05 Dec Spread the Humor, not the Rumors
Humor is the Filipino’s way to get through the stresses and tensions of difficult times, may it be in business or matters of the heart.
It’s almost the end of the day, but our management meeting is still ongoing. I can’t help but notice how a number of our managers are already losing their focus and are already looking forward to going home. In the middle of my presentation, I paused and shared a personal story, cracked a quasi race-related joke, and got the whole room laughing about my mischief. In just a few minutes, the energy is back in the room.
My most often serious-looking partner and Chief Technology Officer, Mario Salazar, had given me a very brilliant quote the other day, “Good leaders spread humor, not rumors”. After working together for three years, aside from the fact that I can count with my fingers the few jokes he cracked during our meetings (I have to say are mostly good), it’s inevitable for us to be on opposing sides of the coin on certain decisions and direction for the business. Despite this fact, we’ve both learned to adjust and ease tensions with humor and respect the fact that we disagree on certain matters.
People are more open in a positive and light environment. The other day, I brought a gong to my office for display. One of our senior developers, Noel, played around with the idea of ringing the gong every time I go out of my office, or when I have visitors. This in turn always gives a good laugh to the employees and our visitors. If I embody a tense culture in the office, Noel would have most likely been hesitant to even bring this idea up to me. Creating a light and open culture starts with small things like this.
More often than not, great ideas remain unheard because people are afraid to share them in a tense and combative workplace. The next time you wonder why your team is not responsive and doesn’t share ideas during meetings, you may want to check your company culture and environment.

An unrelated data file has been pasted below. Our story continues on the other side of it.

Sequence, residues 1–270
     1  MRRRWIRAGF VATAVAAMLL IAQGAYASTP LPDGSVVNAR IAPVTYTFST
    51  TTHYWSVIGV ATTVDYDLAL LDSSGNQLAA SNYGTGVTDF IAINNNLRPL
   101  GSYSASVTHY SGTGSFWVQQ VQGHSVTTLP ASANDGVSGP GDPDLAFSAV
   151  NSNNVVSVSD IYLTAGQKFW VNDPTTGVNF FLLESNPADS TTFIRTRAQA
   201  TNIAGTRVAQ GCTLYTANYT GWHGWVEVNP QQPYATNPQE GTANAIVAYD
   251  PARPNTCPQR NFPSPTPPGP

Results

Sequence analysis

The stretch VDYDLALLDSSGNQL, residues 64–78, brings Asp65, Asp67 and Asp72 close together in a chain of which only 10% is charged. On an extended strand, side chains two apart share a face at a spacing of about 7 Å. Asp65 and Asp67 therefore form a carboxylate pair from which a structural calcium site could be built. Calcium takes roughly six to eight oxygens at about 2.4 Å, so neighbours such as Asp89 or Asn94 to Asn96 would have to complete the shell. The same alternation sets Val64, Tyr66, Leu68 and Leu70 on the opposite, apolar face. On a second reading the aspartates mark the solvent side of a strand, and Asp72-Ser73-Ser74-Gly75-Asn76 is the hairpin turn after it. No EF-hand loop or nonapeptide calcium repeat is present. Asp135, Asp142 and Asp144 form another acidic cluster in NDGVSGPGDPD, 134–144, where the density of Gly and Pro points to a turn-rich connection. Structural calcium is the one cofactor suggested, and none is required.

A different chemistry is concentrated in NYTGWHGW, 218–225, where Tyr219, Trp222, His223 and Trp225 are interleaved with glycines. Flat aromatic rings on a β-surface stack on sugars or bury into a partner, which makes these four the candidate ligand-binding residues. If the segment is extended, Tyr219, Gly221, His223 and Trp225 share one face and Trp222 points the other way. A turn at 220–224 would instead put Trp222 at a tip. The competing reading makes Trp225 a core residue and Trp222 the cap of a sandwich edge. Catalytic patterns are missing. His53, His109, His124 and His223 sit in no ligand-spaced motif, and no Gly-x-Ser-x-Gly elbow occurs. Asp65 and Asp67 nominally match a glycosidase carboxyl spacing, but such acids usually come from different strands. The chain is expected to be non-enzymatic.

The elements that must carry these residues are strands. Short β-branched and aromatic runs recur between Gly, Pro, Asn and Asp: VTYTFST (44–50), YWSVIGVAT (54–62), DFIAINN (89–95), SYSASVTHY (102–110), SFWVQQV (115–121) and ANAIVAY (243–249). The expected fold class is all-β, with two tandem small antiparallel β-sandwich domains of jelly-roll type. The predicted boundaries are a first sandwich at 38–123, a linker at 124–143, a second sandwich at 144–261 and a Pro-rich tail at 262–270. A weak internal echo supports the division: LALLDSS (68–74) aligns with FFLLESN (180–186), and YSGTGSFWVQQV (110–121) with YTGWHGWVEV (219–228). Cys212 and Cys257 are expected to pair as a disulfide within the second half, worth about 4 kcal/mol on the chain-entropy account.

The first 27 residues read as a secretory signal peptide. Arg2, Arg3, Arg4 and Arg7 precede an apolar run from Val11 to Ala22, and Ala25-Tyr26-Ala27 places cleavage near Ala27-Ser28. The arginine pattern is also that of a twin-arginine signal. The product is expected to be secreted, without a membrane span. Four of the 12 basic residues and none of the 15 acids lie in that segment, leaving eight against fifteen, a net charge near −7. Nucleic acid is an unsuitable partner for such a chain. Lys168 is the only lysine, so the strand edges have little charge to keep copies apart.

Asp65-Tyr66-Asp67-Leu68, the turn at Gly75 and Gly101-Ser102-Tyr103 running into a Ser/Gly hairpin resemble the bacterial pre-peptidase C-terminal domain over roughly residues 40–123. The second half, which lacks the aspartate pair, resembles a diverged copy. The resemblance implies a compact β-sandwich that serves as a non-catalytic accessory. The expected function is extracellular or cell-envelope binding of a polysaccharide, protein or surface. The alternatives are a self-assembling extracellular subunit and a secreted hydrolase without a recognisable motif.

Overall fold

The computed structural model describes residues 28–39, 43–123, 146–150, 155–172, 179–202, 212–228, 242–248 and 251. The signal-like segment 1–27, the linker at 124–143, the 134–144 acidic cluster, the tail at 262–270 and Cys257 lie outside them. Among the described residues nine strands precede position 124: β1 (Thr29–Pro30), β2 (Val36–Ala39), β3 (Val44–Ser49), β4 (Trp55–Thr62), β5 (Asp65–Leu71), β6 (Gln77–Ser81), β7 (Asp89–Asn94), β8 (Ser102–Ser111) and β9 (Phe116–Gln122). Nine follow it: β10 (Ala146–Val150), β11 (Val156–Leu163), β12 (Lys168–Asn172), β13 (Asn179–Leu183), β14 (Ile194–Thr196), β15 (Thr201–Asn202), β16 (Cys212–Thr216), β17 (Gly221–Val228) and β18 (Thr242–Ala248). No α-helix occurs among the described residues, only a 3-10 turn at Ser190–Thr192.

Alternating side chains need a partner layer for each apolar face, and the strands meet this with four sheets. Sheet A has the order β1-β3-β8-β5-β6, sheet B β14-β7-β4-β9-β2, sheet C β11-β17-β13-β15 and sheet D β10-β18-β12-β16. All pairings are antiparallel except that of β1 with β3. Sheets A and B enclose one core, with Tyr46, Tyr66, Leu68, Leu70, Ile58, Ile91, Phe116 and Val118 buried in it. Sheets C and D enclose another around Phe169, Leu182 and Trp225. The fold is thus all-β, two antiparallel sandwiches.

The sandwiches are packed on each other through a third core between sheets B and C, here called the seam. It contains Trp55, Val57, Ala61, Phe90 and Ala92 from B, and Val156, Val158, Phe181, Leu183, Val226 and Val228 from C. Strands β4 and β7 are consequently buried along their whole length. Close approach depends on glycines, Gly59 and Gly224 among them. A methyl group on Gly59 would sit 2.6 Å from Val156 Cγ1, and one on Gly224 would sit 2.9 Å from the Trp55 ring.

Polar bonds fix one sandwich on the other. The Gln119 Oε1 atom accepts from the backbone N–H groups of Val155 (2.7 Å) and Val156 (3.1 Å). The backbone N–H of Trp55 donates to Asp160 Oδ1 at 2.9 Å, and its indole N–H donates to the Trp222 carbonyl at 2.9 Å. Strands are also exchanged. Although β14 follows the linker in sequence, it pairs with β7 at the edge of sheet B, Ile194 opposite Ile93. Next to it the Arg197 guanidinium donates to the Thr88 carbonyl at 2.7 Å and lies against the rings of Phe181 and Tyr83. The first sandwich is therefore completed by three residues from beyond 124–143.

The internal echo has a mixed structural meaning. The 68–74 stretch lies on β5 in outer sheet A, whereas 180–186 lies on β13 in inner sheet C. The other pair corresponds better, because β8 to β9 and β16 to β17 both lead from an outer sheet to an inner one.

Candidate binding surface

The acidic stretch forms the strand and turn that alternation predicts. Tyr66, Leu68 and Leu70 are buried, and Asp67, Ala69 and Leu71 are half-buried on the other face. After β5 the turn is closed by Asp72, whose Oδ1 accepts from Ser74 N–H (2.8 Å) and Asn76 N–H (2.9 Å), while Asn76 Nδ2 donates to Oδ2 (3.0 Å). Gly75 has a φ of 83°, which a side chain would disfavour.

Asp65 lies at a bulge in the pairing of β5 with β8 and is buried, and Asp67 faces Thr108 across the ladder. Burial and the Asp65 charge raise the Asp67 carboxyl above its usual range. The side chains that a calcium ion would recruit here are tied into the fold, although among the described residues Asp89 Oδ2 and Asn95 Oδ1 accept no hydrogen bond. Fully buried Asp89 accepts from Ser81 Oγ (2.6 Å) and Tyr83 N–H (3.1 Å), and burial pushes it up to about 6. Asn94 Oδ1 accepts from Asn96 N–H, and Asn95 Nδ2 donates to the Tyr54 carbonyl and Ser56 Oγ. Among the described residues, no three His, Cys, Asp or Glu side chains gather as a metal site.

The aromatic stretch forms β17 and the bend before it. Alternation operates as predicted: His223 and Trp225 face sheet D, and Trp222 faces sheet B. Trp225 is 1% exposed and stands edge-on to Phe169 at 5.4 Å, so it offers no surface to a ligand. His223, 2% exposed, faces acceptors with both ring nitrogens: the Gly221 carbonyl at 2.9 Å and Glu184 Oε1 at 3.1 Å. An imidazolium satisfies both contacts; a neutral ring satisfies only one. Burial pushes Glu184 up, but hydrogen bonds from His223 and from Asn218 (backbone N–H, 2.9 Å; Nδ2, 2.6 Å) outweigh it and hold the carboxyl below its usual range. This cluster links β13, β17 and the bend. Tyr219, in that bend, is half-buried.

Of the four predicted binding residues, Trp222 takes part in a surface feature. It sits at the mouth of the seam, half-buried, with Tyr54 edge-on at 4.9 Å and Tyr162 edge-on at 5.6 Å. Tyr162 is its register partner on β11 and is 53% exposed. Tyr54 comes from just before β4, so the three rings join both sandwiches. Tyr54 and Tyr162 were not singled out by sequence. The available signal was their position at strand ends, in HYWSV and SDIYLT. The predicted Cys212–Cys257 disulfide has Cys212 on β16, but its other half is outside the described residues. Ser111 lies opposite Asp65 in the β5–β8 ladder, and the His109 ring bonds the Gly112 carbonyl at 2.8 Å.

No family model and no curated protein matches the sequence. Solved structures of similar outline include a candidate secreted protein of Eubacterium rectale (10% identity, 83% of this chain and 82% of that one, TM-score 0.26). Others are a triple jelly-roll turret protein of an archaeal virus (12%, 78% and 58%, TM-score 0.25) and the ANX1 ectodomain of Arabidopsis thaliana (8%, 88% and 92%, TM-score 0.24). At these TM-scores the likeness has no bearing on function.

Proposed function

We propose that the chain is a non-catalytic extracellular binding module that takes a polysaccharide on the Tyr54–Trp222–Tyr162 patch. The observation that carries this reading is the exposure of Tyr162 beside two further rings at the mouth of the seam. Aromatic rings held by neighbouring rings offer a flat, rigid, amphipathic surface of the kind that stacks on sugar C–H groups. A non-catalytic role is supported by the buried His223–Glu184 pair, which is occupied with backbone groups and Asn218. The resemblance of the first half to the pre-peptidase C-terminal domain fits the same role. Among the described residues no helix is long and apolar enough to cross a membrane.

Leaders should understand that for the most part, the work itself, hitting targets (KPIs), is already stressful on its own and your role should be that fresh breeze of encouragement and guidance for them to keep going despite the difficulties and challenges. If you attack your people for their mistakes or penalize them in a draconian manner, not only will they lose the remaining motivation left in them, they would most likely even revolt against you.
“Joke joke joke” as Bayani Agbayani said. The good news is, we Filipinos are naturally good with injecting humor even in the most hopeless situations. We excel at this, keeping tensions down and the mood light and fun. The bad news, we are also very fond of intrigues, what we so call “chismis,” talking about the mischiefs and unverified stories about other people.
It’s all about people, stupid! When I was a student both in Founder Institute and at the E-Founders program in Alibaba Business School, despite the differences in their models considering one preaches western practices, while the other, eastern, both agree that people, human resource, is the most important aspect of a business. Bringing in even just one person who does not fit the company values and culture inside your organization can poison and destroy the dynamics of the whole group.
I am lucky to have partners like Mario, who see eye-to-eye with me with regard to respect for people and being against office politics. Two quarters ago, after realizing the differences in our leadership’s understanding of how to run and lead people, we decided to revamp our management team in our company. This time, more than just making sure we are aligned about our goals for the business, we also made sure our values are aligned.
We collectively understand that having an unhealthy tense environment within an organization is detrimental to the whole ecosystem we support. At the end of the day, if we can’t keep order among our ranks, we can’t serve our customers and stakeholders well.
It always feels good and exciting to go to work when the first thing that greets you are smiles and warm words from the people you work with, when the environment feels more like a family rather than a workspace, and when people are not fearful to crack a classy joke in front of their manager or leader. As the leader of an organization, you have the power to set the tone of the workplace, so if you want your staff to also ring a gong for you and your visitors, keep it light, keep it warm and spread the humor, not the rumors.